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Early Invergordon

Originally known as An Rudha, "the point" or "the Ness", Invergordon received its name from Sir William Gordon, a local landowner of the early eighteenth century.  For centuries the estate on which Invergordon now stands was known as Inverbreakie (the mouth of the Breakie); the Breakie presumably being the stream which enters the Firth at Rosskeen Bridge near the old parish church.  The earliest mention of Inverbreakie occurs in the thirteenth century when the Castle, about a mile inland from the Ness, was occupied by a Fleming; placed there it is said by William the Lion.  From a very early period there were a few thatched houses near the spot where the harbour now is; these were known as "The Ferry Houses".

The Castle and the estate were purchased by Sir William Gordon around the beginning of the eighteenth century.  During his lifetime the Castle, originally a modest dwelling, was considerably enlarged and at the same time the policies were improved and plans laid for the building of a town near the Ness.  William was succeeded by his son, Sir John, who may be regarded as the real founder of the town and his ambitious plans included industrial development, but he was hampered by inherited debt.  Sir John died, childless, in 1773.  This said Sir John had a bust carved by Esme Bouchardon, one of the 18th Century's most fashionable sculptors; the bust was carved while Bouchardon studied in Rome and undertook private commissions for many of the great of Europe visiting the city.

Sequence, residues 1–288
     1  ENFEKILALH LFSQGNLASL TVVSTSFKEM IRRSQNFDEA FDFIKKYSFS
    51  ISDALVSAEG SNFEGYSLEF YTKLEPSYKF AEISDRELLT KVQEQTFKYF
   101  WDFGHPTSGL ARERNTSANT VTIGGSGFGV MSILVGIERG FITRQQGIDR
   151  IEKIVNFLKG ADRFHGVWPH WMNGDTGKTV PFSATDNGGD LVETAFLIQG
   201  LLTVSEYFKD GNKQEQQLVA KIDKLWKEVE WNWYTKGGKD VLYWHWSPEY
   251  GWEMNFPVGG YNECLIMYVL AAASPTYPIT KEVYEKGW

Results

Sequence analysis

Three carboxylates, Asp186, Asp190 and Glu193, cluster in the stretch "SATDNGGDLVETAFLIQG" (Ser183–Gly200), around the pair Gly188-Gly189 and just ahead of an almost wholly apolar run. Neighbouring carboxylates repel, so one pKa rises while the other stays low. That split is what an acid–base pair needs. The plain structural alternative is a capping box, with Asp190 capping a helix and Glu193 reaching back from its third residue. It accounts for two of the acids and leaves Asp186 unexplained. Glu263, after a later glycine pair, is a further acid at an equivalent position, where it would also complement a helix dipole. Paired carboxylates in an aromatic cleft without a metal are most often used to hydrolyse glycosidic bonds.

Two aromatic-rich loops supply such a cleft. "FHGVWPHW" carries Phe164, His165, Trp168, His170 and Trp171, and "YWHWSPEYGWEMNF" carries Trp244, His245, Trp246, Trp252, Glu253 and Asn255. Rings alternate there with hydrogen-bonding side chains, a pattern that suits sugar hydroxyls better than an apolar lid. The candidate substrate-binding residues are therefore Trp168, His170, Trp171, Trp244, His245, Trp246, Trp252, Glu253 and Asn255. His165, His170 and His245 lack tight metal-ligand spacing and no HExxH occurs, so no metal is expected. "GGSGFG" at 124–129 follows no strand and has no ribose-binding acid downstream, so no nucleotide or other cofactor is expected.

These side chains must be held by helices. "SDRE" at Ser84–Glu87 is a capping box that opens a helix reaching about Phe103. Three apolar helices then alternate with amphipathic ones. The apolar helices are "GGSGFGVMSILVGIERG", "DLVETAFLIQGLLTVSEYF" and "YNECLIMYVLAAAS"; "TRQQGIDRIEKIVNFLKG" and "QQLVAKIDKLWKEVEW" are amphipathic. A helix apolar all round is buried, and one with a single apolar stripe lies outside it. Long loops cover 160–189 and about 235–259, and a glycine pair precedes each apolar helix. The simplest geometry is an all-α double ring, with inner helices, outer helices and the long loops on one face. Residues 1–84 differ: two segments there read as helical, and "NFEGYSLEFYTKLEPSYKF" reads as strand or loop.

In 1780 the Invergordon estate was purchased for Robert III Macleod of Cadboll.  With the coming of the Macleod's of Cadboll to the district the development of Invergordon went on apace.  A harbour was built and very soon the village, for it was still only a village, became the principal distributing port in the north.  When the old Castle was destroyed by fire, a new and very handsome mansion was built by the late Robert Bruce Aeneas Macleod in 1872.  Some years earlier the Castle policies had been transformed into a thing of beauty, the "American Gardens" as they were called, with their profuse display of rhododendrons, stately trees and flower-bordered walks being famed throughout the country.  The developing community led to the formation of a Police Burgh in 1864; Robert Bruce Aeneas Macleod of Cadboll became its first Provost.  When the estate was sold about the time of the First World War, the glory of the Castle and the Gardens disappeared, and in 1928 the Castle itself was demolished.

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